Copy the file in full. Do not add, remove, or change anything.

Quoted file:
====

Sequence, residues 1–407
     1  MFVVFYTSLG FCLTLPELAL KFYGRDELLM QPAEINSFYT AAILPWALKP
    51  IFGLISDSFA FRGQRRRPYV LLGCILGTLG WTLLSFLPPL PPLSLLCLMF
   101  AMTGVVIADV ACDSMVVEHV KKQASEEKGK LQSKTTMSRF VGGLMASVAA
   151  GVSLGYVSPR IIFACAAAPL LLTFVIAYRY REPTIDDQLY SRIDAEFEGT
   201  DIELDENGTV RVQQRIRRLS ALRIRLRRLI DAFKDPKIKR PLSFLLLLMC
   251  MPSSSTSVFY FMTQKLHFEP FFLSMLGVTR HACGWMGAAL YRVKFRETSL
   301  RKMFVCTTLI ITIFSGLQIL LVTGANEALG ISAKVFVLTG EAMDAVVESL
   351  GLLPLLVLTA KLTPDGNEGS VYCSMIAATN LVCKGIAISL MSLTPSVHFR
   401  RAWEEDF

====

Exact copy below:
Sequence, residues 1–407
     1  MFVVFYTSLG FCLTLPELAL KFYGRDELLM QPAEINSFYT AAILPWALKP
    51  IFGLISDSFA FRGQRRRPYV LLGCILGTLG WTLLSFLPPL PPLSLLCLMF
   101  AMTGVVIADV ACDSMVVEHV KKQASEEKGK LQSKTTMSRF VGGLMASVAA
   151  GVSLGYVSPR IIFACAAAPL LLTFVIAYRY REPTIDDQLY SRIDAEFEGT
   201  DIELDENGTV RVQQRIRRLS ALRIRLRRLI DAFKDPKIKR PLSFLLLLMC
   251  MPSSSTSVFY FMTQKLHFEP FFLSMLGVTR HACGWMGAAL YRVKFRETSL
   301  RKMFVCTTLI ITIFSGLQIL LVTGANEALG ISAKVFVLTG EAMDAVVESL
   351  GLLPLLVLTA KLTPDGNEGS VYCSMIAATN LVCKGIAISL MSLTPSVHFR
   401  RAWEEDF